Oats Chilla

OATS CHILLA

Start your morning with delicious, healthy, and the easy to make super-food – oats chilla.

 Category – Asian Cuisine
Serving – 1

COOKING TIME

15 Mins 

LEVEL

EASY

CALORIES

406 Kcal Per 1 Serving

INGREDIENTS

  • 1 cup oats
  • 1 tsp ginger paste
  • ½ tsp roasted cumin
  • 1 green chilli
  • ¼ tsp black pepper
  • ½ tsp coriander powder
  • ½ tsp cayenne pepper
  • Sea salt as per taste
  • ½ teaspoon butter (optional)
  • 1 ½ cup buttermilk
  • ½ tsp chaat masala
  • Canola oil
  • Fresh coriander

 

DIRECTIONS 

BENEFITS

TIPS

FOR SELECTION & STORAGE

Buy small quantities of oats at one time since this grain has a slightly higher fat content than other grains and will go rancid more quickly. Also, in a packed container make sure there is no evidence of moisture.

If you purchase prepared oats products such as oatmeal, look at the ingredients to ensure that the product does not contain any salt, sugar or other additives.

FOR PREPARING & COOKING

  • Different types of oats require slightly different cooking methods, be it hot cereal, porridge, or any other preparation.
  • As a rule of thumb, add 3 parts of water to 1 part of oats and let it simmer on medium heat.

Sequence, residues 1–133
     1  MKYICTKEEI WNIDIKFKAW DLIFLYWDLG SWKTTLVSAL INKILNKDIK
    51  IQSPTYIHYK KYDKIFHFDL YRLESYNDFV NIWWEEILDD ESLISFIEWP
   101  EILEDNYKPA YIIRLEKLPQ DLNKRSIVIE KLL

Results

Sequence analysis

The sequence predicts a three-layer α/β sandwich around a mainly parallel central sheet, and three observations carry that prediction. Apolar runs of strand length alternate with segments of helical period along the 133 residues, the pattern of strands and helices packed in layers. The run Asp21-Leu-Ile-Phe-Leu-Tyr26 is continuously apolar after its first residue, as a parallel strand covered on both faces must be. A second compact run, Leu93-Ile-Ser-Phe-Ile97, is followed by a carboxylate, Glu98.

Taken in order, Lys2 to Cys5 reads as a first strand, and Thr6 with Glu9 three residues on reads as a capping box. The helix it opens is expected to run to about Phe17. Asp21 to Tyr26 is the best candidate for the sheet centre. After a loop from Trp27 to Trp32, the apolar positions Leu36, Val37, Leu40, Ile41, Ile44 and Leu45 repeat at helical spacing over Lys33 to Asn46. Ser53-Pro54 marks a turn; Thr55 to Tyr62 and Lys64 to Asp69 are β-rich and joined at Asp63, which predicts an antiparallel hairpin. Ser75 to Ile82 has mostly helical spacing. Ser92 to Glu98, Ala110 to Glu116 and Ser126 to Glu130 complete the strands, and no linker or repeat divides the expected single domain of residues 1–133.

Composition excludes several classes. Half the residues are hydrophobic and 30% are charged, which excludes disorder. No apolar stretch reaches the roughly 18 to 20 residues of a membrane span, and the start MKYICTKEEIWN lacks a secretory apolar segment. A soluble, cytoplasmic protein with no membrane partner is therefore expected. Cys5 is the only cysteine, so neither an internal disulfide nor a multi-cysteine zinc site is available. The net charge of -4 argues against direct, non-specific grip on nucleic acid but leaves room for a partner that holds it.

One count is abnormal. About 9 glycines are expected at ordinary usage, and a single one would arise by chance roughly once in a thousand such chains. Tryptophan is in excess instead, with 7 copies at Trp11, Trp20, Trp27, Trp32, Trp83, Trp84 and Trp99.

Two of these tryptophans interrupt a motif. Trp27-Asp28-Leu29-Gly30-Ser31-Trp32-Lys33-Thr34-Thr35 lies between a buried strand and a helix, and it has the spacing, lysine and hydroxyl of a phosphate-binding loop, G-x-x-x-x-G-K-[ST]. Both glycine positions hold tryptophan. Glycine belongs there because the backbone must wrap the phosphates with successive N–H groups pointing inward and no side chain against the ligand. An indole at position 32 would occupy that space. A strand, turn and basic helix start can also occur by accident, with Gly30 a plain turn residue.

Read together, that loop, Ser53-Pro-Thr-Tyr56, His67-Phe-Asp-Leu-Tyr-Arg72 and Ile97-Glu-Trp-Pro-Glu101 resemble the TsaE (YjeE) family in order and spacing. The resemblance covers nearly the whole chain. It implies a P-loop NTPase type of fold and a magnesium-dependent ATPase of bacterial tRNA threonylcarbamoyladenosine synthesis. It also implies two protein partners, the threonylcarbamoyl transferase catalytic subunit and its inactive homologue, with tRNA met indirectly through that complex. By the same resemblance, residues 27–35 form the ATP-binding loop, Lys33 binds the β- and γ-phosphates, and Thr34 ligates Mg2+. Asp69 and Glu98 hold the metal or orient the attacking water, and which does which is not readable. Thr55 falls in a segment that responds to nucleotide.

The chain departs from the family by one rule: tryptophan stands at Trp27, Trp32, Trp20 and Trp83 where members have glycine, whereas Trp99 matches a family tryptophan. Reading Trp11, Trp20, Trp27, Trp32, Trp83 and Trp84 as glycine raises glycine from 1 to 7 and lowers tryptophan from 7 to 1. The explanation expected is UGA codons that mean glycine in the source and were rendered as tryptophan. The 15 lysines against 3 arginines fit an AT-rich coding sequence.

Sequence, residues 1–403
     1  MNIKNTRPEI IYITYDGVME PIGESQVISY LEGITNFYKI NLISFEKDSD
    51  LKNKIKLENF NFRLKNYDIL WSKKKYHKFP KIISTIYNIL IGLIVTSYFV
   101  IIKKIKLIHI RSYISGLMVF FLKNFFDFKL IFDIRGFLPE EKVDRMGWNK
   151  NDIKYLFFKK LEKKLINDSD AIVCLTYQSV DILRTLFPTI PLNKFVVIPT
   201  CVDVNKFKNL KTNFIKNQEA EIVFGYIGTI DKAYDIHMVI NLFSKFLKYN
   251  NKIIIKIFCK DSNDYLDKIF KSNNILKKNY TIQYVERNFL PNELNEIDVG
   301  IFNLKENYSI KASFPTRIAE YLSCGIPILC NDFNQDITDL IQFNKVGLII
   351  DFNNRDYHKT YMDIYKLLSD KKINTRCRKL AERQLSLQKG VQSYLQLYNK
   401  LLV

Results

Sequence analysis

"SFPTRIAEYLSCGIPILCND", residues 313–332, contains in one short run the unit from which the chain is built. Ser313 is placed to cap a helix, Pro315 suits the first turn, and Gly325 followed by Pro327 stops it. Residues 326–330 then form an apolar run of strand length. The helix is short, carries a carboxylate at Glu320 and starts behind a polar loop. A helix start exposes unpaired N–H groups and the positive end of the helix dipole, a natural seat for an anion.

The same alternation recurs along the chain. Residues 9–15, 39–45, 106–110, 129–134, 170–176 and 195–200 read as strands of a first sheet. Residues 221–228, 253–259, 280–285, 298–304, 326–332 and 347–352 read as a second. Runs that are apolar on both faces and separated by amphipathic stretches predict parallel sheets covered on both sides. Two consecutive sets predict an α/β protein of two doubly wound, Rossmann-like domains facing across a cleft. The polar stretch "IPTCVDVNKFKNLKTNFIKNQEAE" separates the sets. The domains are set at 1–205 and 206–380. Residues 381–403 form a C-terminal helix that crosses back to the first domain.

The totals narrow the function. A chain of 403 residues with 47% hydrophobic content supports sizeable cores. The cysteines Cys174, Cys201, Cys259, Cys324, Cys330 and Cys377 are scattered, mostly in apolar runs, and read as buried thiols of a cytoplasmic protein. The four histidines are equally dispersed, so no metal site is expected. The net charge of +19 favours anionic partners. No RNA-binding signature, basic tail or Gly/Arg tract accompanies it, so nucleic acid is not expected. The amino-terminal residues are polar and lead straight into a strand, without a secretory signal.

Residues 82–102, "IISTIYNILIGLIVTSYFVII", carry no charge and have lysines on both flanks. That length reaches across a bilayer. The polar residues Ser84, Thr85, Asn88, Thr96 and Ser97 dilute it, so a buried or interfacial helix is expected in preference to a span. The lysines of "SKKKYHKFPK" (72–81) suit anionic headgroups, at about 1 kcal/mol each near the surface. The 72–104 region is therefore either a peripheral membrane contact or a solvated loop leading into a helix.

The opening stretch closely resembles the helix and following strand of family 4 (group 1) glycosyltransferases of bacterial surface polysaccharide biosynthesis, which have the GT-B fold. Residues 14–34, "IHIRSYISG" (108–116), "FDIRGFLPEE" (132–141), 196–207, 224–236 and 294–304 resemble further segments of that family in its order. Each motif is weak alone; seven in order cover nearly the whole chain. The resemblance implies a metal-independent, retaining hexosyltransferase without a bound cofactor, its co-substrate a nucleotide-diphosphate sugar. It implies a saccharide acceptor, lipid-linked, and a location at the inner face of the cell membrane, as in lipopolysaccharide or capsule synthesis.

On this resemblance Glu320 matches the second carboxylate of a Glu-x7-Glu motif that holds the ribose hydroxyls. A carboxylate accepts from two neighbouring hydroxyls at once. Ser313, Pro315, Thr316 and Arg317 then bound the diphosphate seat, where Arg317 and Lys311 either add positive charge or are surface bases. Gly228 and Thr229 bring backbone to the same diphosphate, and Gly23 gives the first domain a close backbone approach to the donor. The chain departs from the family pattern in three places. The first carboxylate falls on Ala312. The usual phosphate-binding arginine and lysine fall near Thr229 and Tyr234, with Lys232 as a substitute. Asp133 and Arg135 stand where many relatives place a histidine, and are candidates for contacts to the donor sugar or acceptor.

NUTRITIONAL VALUES

  • The carbs in oats are mostly made up of starch and fiber. Oats are a great source of a unique type of fiber called beta-glucan, which is associated with a range of health benefits.
  • Oats contain high amounts of many vitamins and minerals, including manganese, phosphorus, copper, B-vitamins, iron, selenium, magnesium, and zinc.
  • Oats are the only dietary source of powerful antioxidants called avenanthramide. They also contain ferulic acid and phytic acid.

CAUTION

  • Although oatmeal may seem like a harmless and beneficial product, it is not as safe as commonly perceived. Therefore, you must regulate your intake.
  • Increased risk of diabetes – This may arise owing to flavored types of oatmeal that contain artificial ingredients and significant amounts of sugar.
  • Intestinal blockage – Caused by eating too much oatmeal that is undercooked or raw, leading to intestinal blockage and severe constipation.
  • Impaired digestion – Oatmeal contains Phytic acid. Phytates chelate render important nutrients un-absorbable. This mostly applies to calcium, magnesium, zinc, and iron. However, it affects other nutrients as well, in the long run.

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